Kumakura: Yes, that’s right. I wrote in the objective of the proposal that our dietary culture known as washoku is in fact facing a crisis. I wrote that thinking we that we definitely have to make progress in the face of this crisis and expecting that washoku’s registration on the UNESCO intangible cultural heritage list would help that progress.
Kumakura: Over the past two decades or so, the food culture of the Japanese has undergone significant changes. The younger generation have increasingly come to embrace the culture of eating out at fast food restaurants and the like. Many pre-cooked meals are sold at supermarkets and department stores, advancing the phenomenon where people can take these meals home and instantly enjoy washoku, Western cuisine or Chinese food without having to cook at home. Families who don’t eat all together but separately when it suits each individual are also on the rise. How to put the brakes on these trends and preserve the traditions of washoku is a major challenge facing Japan.
The first attempt at doing so is having children experience the deliciousness of washoku through their school lunches. While conventional school lunches have aimed to ensure children are getting the nutrition and calories they need to grow, in recent years there are more and more cases of washoku being incorporated into school lunches. Rice-based school lunches are now served an average of 3.1 days a week (five days), and it is hoped that this will properly instill the habit of eating rice among children. Initiatives where top-class chefs visit elementary schools to give children a taste of delicious soup stocks and conduct dietary education where parents and their children prepare washoku together are also being actively pursued. It is crucial that we properly impress the taste of washoku upon the children who will lead the next generation.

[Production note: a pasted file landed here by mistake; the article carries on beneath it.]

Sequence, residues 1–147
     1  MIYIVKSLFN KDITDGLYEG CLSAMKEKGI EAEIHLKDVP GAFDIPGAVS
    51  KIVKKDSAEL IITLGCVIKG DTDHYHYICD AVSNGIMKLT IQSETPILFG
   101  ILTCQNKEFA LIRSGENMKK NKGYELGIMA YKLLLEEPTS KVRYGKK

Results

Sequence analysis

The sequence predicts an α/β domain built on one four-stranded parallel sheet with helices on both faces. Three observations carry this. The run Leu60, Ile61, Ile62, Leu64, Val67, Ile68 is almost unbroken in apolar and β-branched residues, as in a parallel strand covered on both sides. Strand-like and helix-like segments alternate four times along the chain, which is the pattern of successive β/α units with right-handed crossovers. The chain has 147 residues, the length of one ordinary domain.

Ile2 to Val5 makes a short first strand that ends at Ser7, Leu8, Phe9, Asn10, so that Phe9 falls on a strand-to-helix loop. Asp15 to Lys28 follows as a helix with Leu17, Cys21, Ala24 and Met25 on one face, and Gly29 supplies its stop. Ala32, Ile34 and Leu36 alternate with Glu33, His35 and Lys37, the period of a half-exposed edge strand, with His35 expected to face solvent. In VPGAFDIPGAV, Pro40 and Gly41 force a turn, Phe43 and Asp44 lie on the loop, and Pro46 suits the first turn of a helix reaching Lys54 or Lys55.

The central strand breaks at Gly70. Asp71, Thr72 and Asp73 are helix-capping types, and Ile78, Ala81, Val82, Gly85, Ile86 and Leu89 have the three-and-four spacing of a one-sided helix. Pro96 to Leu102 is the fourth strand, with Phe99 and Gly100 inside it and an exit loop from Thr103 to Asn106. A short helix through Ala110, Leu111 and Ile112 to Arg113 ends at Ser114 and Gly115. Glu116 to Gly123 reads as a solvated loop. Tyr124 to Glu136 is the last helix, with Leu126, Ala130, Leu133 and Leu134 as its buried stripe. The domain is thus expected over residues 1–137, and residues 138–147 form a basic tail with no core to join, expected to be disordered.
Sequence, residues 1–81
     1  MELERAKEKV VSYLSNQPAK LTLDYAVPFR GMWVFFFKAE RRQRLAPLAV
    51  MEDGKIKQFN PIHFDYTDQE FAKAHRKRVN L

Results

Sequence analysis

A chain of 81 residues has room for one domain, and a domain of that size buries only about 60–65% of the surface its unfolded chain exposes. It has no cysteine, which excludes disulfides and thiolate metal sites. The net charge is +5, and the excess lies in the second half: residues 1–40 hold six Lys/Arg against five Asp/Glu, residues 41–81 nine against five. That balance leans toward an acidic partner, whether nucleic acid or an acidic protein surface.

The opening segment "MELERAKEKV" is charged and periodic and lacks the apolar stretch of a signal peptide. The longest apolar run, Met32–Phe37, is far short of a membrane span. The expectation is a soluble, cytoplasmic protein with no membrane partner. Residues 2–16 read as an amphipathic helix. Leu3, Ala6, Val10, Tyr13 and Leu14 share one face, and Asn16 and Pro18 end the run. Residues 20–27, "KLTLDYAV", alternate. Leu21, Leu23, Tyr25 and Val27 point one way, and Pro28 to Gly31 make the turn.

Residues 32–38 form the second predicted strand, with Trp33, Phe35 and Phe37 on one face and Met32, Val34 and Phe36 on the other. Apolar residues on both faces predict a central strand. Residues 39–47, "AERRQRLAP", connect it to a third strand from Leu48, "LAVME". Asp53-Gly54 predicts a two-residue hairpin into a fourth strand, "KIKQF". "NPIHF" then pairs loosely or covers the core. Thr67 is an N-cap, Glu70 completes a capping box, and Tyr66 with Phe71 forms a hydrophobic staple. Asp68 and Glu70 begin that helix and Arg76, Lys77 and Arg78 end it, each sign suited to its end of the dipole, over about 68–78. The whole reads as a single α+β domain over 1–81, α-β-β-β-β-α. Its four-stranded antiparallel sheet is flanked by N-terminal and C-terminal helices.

Kumakura: We must provide dietary education not only to children but also adults. There is a view that from here forward dietary education of men will be necessary [laughs]. Japanese men must really work in the kitchen. It’s no longer possible for a woman in a family to cook all the food by herself. We must develop a structure in which all family members cook and eat.
Flavors we experienced in childhood and the taste of home cooking are something we remember throughout our lives. Those things come back to our mind more as we grow older. The taste of our home cooking determines our sense of taste. We have picked up the tastes of miso soups and simmered foods cooked at home naturally since our early childhood. I believe those tastes are lifetime treasures and assets. Purchased, precooked foods ultimately do not substitute for the taste of home cooking.